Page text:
At any given time, there are numerous studies underway in countries all over the world to help further define what it means to have Kabuki. Some of these may be to find the genetic cause, others to report previously unknown characteristics, and yet others may be to evaluate and better understand a particular previously recognized characteristic.

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Studies Articles

We'd Like to Raise $2 Million!

Hello from Johns Hopkins! It’s hard to believe that a little over a year ago we were hosting the Kabuki Conference here in Baltimore. Over the last year we have had some exciting forward progress that Dr. Bjornsson and his team would like to share with the community.

tags: Studies
Last Updated: Friday, July 22, 2016 - 19:29

International Registry of Individuals with Kabuki




tags: Studies
Last Updated: Wednesday, March 9, 2016 - 17:20

KDM6A Study

Has your child been diagnosed with the KDM6A mutation?  

tags: Studies
Last Updated: Thursday, November 5, 2015 - 19:14

Research is the New Future

Every year Kabuki gatherings/conferences occur around the globe.  Australia, France, Netherlands, United Kingdom, and numerous locations in the US, just to name a few. As conferences have grown, so too has interest from the scientific world. Our focus now needs to include accelerating research through identification of funding opportunities and building awareness among the research community.

On June 27th, 2015 Kabuki conferences were held in 3 locations on the same day:

tags: Genetics, Studies
Last Updated: Wednesday, August 30, 2017 - 07:54

Drug treats inherited form of intellectual disability in mice

Study suggests some symptoms in human version of the disorder could be eased.

Studying mice with a genetic change similar to what is found in Kabuki syndrome, an inherited condition of humans, Johns Hopkins researchers report they have used an anticancer drug to "open up" DNAi and improve mental function.

tags: Genetics, Studies
Last Updated: Friday, October 3, 2014 - 05:46

FaceBase - 3D Imaging

Researchers from the University of California, San Francisco, University of Colorado, and University of Calgary are working together to build a database of 3D facial images that will enable faster and more accurate diagnosis of different genetic syndromes. The goal is to revolutionize the practice of clinical genetics by creating a diagnostic tool that will include a variety of genetic craniofacial syndromes, including Kabuki Syndrome. The project is called FaceBase, and is part of a larger international effort to better understand how the face and cranium form during development.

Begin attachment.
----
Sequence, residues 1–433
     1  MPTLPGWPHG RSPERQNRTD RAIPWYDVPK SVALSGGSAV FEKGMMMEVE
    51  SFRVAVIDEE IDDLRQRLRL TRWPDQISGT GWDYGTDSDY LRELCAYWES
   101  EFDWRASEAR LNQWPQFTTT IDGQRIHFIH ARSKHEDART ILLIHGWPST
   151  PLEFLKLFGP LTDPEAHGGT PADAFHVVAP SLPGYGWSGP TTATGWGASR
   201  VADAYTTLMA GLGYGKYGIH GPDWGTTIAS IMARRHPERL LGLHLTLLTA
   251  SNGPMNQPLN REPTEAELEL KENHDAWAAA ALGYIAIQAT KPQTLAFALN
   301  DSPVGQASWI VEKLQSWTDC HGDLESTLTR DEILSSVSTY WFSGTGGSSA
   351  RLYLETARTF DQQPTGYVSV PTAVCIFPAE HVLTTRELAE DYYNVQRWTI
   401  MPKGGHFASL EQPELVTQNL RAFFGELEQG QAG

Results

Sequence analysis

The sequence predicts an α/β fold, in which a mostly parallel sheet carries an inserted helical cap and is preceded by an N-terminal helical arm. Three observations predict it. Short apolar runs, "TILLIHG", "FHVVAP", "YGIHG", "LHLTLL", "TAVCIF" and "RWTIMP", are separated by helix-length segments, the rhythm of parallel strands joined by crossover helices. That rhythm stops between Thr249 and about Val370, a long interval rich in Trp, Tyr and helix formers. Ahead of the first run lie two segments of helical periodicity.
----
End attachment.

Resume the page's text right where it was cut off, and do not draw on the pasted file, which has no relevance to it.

tags: Studies
Last Updated: Friday, September 26, 2014 - 20:33

Research Project on Cognitive Profiles in Kabuki Syndrome - Johns Hopkins/Kennedy Krieger Institute

As we continue to learn more about the genetics of Kabuki Syndrome (KS), it is crucial to learn about the specific deficits that children with KS struggle with every day. This will not only help us better understand the children and families we, as providers, all work with, but also to potentially provide therapeutic options in a number of different ways.

tags: Studies
Last Updated: Friday, September 26, 2014 - 08:51

Be Part of the Solution - John Hopkins Needs YOU!!

John Hopkins currently has 2 studies for which they are seeking participants:

tags: Studies
Last Updated: Thursday, February 19, 2015 - 19:39

Connections Lead to Research


While Dr. Bjornsson gave a presentation and participated in the Q&A, Dr. Weissman met with individuals and their parents to gather baseline cognitive and behavioral research.

tags: Genetics, Studies
Last Updated: Wednesday, August 30, 2017 - 07:58

Exploring Kabuki Syndrome as a Treatable Cause of Intellectual Disability

One of Johns Hopkins’ NIH award recipient, Bjornsson, is based in the school of medicine’s McKusick-Nathans Institute of Genetic Medicine. His research group studies genetic disorders with epigenetici consequences. These disorders often affect proteins known as histones, which associate with DNAi and can affect whether genesi are turned “off” or “on.” The group’s particular focus is on Kabuki syndrome, which causes intellectual disability, immunological problems and distinctive facial features. Bjornsson is looking for ways to treat the disease by correcting a problem with chemical groups added to the histone tails.

tags: Genetics, Studies
Last Updated: Sunday, May 25, 2014 - 08:30